With the success of Black Panther, the term Afro-Futurism got pushed into the mainstream. But what is Afro-Futurism and what is its place in Black storytelling? In this episode, we give you the starter pack on answering that question.

Hosted by Lindsay Ellis and Princess Weekes, It’s Lit! is a show about our favourite books, genres and why we love to read. It’s Lit has been made possible in part by the National Endowment for the Humanities: Exploring the human endeavour.

The greatest mashup you’ll ever hear:

The Case for Fan Fiction

It’s Lit! is back and they have picked an easy subject to discuss: how Fan-Fic is actually awesome.

I wouldn’t really say I got my start writing fan fiction. Sure, I wrote some stories loosely based upon MacGyver and The Hitchhiker’s Guide to the Galaxy. But I’d say they were more homages to… Okay, they were fan-fic. Who am I kidding?

That paragraph essentially sums up what I used to think of fan-fic. I appreciated it, recognised it as a legitimate creative outlet, that it could be great fun to write, and that authors should be proud to have people passionate enough about the work that they are being inspired to write their own stuff. But at the same time, I saw it as what beginners did. It was really just for the writers, not readers. That it wasn’t “legit” writing.

It wasn’t worthy!

When Anne Rice was issuing cease and desist letters to her biggest fans, I thought she was a fool. What sort of idiot honestly thinks these fans are somehow ruining her characters and books?

But underlying this argument was the idea that none of those fan-fic stories was any good. Rice’s characters were safe from harm because no hack would be taken seriously compared to the internationally bestselling author. Those stories weren’t even available in real books.*

Then I had somewhat of an epiphany. An author friend made the argument against fan-fic from the premise of copyright and how fan-fic was low quality. They made a sizeable amount of their income from tie-in novels, the books that are licensed to a movie or TV show IP, and written to satiate fans who can’t get enough of the adventures. So you could see their points as defending their meal ticket. But after they made that argument, a professor of writing, who was a published author and also wrote tie-ins, pointed out how they also wrote fan-fic and how this wasn’t about copyright. This was about fans expressing themselves.

It is easy to say that copyright is being breached, despite the clear acknowledgement by everyone involved that fan-fic isn’t canon and isn’t even “sold” to people. No one picks up a Chewie and Yoda slashfic and thinks, “Can’t wait to see this will be in the prequel trilogy movies.” It is also easy to say that the people writing it are all hacks. Except we not only know that isn’t true (e.g. the above writing professor and award-winning authors mentioned in the video). And if these fans are working hard at writing lots of fan-fic, they are bound to become good at it.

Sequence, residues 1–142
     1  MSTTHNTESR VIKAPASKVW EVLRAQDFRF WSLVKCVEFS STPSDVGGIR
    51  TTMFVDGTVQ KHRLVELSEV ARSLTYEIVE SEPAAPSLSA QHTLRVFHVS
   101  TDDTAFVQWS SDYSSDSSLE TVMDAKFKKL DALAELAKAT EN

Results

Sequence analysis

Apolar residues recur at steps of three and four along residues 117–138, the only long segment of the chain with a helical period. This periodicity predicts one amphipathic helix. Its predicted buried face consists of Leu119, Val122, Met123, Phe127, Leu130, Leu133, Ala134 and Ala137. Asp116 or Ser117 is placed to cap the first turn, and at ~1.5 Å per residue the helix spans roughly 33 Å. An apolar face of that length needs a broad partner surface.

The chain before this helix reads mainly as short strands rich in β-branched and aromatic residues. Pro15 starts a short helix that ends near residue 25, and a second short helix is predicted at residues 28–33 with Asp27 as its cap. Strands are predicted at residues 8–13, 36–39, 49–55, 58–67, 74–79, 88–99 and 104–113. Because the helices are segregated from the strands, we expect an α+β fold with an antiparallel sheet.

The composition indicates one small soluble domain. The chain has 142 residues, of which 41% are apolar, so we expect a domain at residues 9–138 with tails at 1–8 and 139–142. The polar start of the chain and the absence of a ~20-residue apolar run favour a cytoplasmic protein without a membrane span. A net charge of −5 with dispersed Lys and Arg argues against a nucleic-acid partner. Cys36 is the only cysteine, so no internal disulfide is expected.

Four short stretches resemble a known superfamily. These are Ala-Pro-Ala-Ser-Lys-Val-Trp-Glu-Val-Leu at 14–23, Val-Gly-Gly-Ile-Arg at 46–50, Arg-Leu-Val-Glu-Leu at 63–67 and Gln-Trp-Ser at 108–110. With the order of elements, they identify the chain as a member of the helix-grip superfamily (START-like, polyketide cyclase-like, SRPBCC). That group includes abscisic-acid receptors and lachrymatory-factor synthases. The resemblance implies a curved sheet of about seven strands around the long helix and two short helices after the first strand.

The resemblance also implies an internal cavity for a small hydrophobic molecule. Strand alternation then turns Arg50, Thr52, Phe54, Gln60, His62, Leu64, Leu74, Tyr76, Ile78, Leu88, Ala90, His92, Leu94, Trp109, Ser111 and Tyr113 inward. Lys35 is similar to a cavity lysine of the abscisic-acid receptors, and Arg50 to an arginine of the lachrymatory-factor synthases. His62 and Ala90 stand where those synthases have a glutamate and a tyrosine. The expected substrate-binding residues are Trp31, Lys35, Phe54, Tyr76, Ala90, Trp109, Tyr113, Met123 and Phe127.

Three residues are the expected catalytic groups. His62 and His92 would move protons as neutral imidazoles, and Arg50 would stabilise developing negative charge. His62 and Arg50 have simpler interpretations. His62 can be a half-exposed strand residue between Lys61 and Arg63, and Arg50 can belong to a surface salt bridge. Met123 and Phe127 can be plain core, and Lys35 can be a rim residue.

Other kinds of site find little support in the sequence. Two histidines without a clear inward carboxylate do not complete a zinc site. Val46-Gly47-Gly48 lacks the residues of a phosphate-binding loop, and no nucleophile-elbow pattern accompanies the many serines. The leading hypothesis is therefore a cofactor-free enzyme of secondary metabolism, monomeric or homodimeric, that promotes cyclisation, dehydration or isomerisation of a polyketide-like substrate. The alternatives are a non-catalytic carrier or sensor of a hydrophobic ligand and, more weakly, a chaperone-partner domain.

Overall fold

So now I stand back and say: Fan-fic is legit.

I mean, where else will I read a steamy sex scene with cries of linguistically impaired pleasure and Wookie growls?

Welcome to It’s Lit on Storied – stay awhile, and subscribe! http://bit.ly/storied_sub

For years writers of fan fiction were shamed, the butt of jokes, and even subject to copyright litigation. However, in the past few years, with the fan fiction writers of today becoming the published mainstream authors of today the past time is a celebrated benchmark of one’s climb to publication.

In the season two premiere of It’s Lit, we explore what happened and how fan fiction writers were able to come out of the proverbial closet of shame.

Hosted by Lindsay Ellis and Princess Weekes, It’s Lit! is a show about our favorite books, genres and why we love to read. It’s Lit has been made possible in part by the National Endowment for the Humanities: Exploring the human endeavor.

* It was the 90s. If it wasn’t in print at your local bookstore, it didn’t exist. It certainly wasn’t going to overturn the canon.

Cli-Fi: Can These Books Save The Planet?

Climate Fiction or cli-fi – get it, it’s like sci-fi except with climate… – may trace its origins to early science fiction works, but it has become a (sub) genre of its own in recent years. Who’d have thought that active disinformation and denial campaigns leading to delayed action on such an important issue would lead to a cultural response expressing concern at the lack of action?

This video from the PBS Digital Studios channel Hot Mess offers a great explainer on cli-fi. It also features Lindsay Ellis.